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- Contraceptive Use
Family planning is considered to be among the top 10 public health achievements of the past century, enabling women to achieve desired birth spacing and family size, and resulting in improved health of infants, children, and women.1 Yet, half of all pregnancies and one-third of all births in the United States are estimated to be unintended at the time of conception with wide disparities by race and ethnicity and other demographic characteristics.2 Unintended pregnancies that lead to births are associated with both short- and long-term negative outcomes for both mother and child, including delayed prenatal care, maternal depression, increased risk for intimate partner violence, and poor developmental and educational outcomes for children.3
In 2006–2010, there were 43 million women at risk of unintended pregnancy—pregnancy—who were either currently using contraception or having intercourse and not sterile (for noncontraceptive reasons), pregnant, postpartum, or trying to get pregnant—of whom 89.0 percent reported using contraception while the remaining 11.0 percent did not. Non-Hispanic Black women were more likely than women of other races and ethnicities to not use contraception while at risk of unintended pregnancy (17.2 percent). Younger and never-married women were also more likely than their older or married counterparts to not use contraception while at risk of unintended pregnancy (data not shown in graph images or in data tables on this site).
Among women aged 15–44 years who were using contraception, the most commonly used methods were female or male sterilization (36.6 percent), the pill (27.5 percent), and condoms (16.4 percent), followed by other hormonal methods such as implants, patches, and rings (7.2 percent) and intrauterine devices (IUDs; 5.6 percent). Effectiveness rates based on typical use, including incorrect or inconsistent use, are highest for sterilization, IUDs, the pill, and other hormonal methods, and fall below 90 percent for condoms, sponges, withdrawal, and periodic abstinence.4 Variation in contraceptive use and method may help to explain demographic patterns of unintended pregnancy. The Affordable Care Act ensures women have access to a full range of recommended preventive services by expanding insurance coverage and requiring most private health plans to provide FDA-approved contraceptive methods, sterilization procedures, and patient education and counseling without copays.5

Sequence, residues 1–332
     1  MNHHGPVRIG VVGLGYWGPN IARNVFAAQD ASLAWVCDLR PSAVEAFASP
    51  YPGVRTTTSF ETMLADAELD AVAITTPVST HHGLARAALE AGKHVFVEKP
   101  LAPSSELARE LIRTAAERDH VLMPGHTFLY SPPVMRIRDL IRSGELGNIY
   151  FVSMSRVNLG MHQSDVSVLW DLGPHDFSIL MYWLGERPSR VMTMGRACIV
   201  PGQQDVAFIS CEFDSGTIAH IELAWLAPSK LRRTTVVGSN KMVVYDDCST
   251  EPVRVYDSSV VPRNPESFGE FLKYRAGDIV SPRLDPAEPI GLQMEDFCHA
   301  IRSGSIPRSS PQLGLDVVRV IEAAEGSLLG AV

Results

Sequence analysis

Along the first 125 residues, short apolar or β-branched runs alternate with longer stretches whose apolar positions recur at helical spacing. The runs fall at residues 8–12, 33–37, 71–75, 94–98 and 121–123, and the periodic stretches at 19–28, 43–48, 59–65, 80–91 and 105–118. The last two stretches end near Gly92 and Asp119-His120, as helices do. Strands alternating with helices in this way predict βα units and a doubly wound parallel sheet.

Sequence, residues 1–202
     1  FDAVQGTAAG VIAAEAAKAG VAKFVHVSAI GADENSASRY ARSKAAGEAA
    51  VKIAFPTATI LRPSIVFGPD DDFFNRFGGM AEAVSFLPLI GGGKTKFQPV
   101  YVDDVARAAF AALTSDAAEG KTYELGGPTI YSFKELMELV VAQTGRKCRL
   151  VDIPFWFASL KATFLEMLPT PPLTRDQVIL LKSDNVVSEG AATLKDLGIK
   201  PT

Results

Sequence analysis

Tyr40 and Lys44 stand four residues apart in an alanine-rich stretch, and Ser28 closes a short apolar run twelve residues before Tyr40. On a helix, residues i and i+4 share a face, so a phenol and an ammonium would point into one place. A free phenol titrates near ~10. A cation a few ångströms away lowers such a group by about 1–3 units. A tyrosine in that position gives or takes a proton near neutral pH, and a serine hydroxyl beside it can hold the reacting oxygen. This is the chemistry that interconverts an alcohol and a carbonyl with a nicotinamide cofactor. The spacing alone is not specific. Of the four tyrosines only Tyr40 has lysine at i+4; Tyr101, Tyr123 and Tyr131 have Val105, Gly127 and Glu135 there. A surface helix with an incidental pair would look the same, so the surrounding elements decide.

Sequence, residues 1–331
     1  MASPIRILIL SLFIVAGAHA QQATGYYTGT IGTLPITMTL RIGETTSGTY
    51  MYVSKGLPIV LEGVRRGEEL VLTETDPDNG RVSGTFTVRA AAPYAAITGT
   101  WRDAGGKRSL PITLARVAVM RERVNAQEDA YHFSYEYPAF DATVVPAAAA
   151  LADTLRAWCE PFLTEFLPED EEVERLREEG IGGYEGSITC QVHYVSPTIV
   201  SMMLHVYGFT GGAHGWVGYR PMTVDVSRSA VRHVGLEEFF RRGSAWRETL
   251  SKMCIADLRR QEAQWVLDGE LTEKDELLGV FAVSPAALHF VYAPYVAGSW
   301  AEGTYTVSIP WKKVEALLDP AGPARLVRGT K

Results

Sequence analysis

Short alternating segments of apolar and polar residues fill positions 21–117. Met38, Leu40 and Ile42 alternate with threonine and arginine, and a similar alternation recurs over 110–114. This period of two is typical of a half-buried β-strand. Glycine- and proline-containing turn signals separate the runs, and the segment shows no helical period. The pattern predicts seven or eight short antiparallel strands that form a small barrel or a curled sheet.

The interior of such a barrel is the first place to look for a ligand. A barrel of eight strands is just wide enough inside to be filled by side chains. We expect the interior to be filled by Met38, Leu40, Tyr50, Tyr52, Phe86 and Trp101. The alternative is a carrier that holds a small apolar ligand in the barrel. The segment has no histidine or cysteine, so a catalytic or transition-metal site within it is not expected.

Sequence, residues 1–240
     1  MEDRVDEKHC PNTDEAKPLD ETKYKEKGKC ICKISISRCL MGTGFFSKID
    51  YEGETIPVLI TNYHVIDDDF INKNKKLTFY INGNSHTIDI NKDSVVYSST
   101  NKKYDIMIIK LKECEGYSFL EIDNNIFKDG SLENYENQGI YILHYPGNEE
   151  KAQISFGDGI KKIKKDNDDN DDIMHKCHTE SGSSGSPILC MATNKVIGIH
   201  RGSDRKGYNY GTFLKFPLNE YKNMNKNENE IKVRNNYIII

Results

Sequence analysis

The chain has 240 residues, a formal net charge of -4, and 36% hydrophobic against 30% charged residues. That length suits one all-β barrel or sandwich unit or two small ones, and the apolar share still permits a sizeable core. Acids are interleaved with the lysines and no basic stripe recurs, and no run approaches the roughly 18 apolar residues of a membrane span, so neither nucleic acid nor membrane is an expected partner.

2 Mosher WD, Jones J, Abma JC. Intended and Unintended Births in the United States: 1982–2010. National Health Statistics Reports; No 55. Hyattsville, MD: National Center for Health Statistics; 2012. ↑
4 Trussell J. Contraceptive Failure in the United States. Contraception. May 2011;83(5):397-404. ↑
|Race/Ethnicity||Percent of Women, Using Contraception||Percent of Women, Not Using Contraception|
|*At risk of unintended pregnancy is defined as having had intercourse in the last 3 months among those who were not currently pregnant, trying to get pregnant, or sterile for health reasons.↑
**Sample sizes for American Indian/Alaska Natives and Native Hawaiian/Other Pacific Islanders women were too small to produce reliable results.↑ Source: Jones J, Mosher W, Daniels K. Current contraceptive use in the United States, 2006–2010, and changes in patterns of use since 1995. National Health Statistics Reports; No 60. Hyattsville, MD: National Center for Health Statistics. 2012.
Contraceptive Method Used Among Women Aged 15–44 Years Using Contraception, 2006–2010*
Percent of Women:
- Sterilization 36.6
- Pill 27.5
- Condom 16.4
- Other Hormonal Methods** 7.2
- Other Methods 5.7
- Intrauterine Devices (IUD) 5.6
- Periodic Abstinence† 1.2
*Women who used more than one form of contraception are classified according to the most effective form listed; estimates may not total to 100 due to rounding.↑
**Includes hormonal implants, patches, injectables, and rings.↑
†Includes calendar rhythm, natural family planning (NFP), cervical mucus test, and temperature rhythm.↑
Source: Jones J, Mosher W, Daniels K. Current contraceptive use in the United States, 2006–2010, and changes in patterns of use since 1995. National Health Statistics Reports; No 60. Hyattsville, MD: National Center for Health Statistics. 2012.